Kansas Newspaper To Lose Public Notice Revenue

Another small-town publication is losing desperately needed revenue in the form of public notices.

The city of Salina, Kansas, plans to publish notices on its own website, starting with the new year, the Salina Journal reports. 

That means the Journal will lose the funds it had garnered for publishing the notices. 

The city paid the Journal  $37,258 so far in 2023, $42,000 in 2022 and $53,600 in 2021.

Earlier this week, the city commission passed a resolution designating the city's website as the official city "newspaper."

The commission voted 4-1 in favor of making the city's website the official Salina city newspaper and designating Salina 311 as the alternative newspaper for publications that go in a newspaper of general circulation.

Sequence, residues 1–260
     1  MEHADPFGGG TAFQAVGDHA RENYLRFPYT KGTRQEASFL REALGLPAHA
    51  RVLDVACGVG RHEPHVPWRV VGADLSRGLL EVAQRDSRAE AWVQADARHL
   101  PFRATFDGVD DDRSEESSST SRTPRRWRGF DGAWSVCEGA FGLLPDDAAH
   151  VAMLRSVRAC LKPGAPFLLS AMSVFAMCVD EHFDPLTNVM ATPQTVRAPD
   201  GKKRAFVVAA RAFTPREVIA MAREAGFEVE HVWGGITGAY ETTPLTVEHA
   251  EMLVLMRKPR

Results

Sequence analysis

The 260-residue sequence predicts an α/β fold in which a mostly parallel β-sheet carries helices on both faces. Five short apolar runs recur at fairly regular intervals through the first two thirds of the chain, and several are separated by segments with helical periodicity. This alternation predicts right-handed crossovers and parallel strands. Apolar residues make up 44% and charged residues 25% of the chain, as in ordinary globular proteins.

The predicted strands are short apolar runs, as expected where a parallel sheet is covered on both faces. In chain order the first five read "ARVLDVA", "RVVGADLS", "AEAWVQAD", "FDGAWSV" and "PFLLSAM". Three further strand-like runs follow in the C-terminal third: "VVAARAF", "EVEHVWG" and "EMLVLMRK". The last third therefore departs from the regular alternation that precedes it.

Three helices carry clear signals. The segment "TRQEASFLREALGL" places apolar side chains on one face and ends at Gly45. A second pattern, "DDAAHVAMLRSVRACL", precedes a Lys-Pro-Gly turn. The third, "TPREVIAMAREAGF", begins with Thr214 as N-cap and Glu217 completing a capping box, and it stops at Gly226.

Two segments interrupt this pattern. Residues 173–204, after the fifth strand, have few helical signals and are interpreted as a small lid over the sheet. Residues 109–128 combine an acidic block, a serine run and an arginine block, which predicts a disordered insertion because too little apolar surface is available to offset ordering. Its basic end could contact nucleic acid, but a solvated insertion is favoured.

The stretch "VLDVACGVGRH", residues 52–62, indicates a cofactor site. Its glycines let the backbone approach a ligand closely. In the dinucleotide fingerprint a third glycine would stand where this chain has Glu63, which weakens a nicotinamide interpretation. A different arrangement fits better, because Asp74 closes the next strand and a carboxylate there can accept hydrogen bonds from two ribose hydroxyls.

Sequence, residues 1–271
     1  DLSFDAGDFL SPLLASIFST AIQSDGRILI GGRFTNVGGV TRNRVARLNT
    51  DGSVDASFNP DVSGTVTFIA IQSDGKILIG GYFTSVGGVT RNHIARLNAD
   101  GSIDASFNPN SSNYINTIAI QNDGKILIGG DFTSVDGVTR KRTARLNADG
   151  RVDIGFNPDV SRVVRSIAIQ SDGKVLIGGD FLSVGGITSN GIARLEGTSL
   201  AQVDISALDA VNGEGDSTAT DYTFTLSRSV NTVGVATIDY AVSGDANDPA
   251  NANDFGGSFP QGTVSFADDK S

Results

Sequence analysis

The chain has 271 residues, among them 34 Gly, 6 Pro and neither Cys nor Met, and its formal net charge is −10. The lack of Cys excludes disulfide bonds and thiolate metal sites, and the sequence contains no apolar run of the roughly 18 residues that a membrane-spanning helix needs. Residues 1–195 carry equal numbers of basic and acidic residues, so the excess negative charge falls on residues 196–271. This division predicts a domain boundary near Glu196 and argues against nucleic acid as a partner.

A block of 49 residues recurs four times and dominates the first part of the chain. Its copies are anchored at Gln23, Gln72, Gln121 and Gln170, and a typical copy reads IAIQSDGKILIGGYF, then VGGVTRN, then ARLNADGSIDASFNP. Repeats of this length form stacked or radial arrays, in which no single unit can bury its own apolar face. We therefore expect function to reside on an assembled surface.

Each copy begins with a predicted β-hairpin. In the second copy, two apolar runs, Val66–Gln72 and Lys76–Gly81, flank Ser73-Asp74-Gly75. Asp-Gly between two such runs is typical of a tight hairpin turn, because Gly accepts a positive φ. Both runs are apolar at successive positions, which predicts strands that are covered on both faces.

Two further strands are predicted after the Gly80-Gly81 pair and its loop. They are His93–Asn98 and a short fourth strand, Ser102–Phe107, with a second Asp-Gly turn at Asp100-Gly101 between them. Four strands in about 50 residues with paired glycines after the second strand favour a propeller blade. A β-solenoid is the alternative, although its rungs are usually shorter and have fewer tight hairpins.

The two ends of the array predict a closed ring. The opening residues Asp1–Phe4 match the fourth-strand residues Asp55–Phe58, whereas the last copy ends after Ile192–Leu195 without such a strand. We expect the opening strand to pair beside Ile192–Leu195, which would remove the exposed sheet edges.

This is not an isolated event. State legislatures have been mulling bills that would effectively strip local newspapers of public notices, a key source of cash — and information — since Colonial times. 



Most consumers are against the idea, according to the 2023 Local Newspaper Study, a recent survey by America’s Newspapers, conducted by Coda Ventures.

Of the consumers polled, 66% believe that publishing public notices in newspapers should be required. And 57% say newspapers and their websites are more reliable than city, county or state websites for accessing public notices. 

The city of Salina hopes to save money with this move.

In instances where state law requires that notices be published in a general publication, the city will use Salina 311, a twice-weekly newspaper.

The cost to run a notice in the Journal was $14.38 per inch as of Aug. 1, versus $6 per inch in Salina 311.


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